Apple's new desktop operating system. macOS 10.13 High Sierra. has a problem that could reveal passwords to would-be hackers.
Software developer Matheus Mariano claims to have discovered a bug in the Disk Utility function built inside macOS High Sierra that reveals passwords in plain text to hackers. The hack requires a few steps to complete, but when it's done, hackers have full access to passwords.
According to Mariano, whose discovery was earlier reported on by MacRumors, hackers can go to the operating system's Disk Utility and create a new encrypted Apple File System volume. From there, the hackers need to set a password and hint, and unmount and remount the volume to force the operating system to ask for a password. Upon clicking the "Show Hint" button, Apple's operating system displayed the password in plain text and not the hint.
Of course, the hack is somewhat self-limiting, since it only affects the Disk Utility feature in High Sierra. If hackers try to access your Apple ID password, for instance, the same problem wouldn't occur. It's also worth noting that Mariano believes the flaw affects only Macs with solid-state drives. If you haven't used Disk Utility or don't use a hint, the problem won't come up.
MORE: macOS High Sierra Review: A Deceptively Big Update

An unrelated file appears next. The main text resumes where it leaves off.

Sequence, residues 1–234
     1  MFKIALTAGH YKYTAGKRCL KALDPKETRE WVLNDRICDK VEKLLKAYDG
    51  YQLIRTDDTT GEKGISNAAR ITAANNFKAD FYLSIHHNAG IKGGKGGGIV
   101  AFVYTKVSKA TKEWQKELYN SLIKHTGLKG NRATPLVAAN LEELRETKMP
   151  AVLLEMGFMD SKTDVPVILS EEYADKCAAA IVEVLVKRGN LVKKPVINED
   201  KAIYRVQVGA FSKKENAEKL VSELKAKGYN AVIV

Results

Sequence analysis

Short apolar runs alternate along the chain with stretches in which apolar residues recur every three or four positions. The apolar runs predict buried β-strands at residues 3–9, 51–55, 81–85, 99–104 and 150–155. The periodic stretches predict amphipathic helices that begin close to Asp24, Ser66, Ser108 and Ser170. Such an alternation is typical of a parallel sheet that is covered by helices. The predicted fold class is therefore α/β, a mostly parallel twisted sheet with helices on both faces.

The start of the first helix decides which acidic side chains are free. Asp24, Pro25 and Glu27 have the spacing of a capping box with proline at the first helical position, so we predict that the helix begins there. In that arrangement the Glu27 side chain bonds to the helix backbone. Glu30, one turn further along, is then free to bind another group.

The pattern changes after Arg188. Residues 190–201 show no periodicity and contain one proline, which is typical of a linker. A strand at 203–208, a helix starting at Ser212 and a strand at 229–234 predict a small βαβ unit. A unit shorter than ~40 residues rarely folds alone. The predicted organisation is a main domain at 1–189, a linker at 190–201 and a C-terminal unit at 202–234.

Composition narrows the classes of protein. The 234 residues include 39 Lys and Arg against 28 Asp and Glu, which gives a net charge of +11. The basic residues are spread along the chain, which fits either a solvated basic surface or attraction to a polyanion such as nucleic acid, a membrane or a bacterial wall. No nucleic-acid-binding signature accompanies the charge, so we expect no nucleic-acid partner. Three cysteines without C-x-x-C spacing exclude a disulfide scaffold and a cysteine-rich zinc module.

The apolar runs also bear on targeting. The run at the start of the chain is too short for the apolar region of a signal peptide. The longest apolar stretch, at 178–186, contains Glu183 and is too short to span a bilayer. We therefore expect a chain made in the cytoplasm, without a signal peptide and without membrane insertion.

Still, it's a concerning flaw. Too often, users employ the same passwords for different services. If a hacker can obtain one of your passwords, he or she might get access to a host of services just by trying out those credentials on other platforms.
To protect yourself, then, there are some steps to take.
For one, Apple has released a patch that fixes the bug in the macOS High Sierra 10.13 Supplemental Update. If you apply that patch, the flaw is thwarted and you no longer need to worry about Disk Utility. Here are Apple's instructions to make sure the problem is fixed. (The patch also fixes the password-exposing Keychain bug disclosed in late September.)
Additionally, maybe now is a good time to remember that using different passwords for different items is a really good idea. Using the same passwords — and not changing them — is a recipe for major problems. Here's how to create a strong, secure password.
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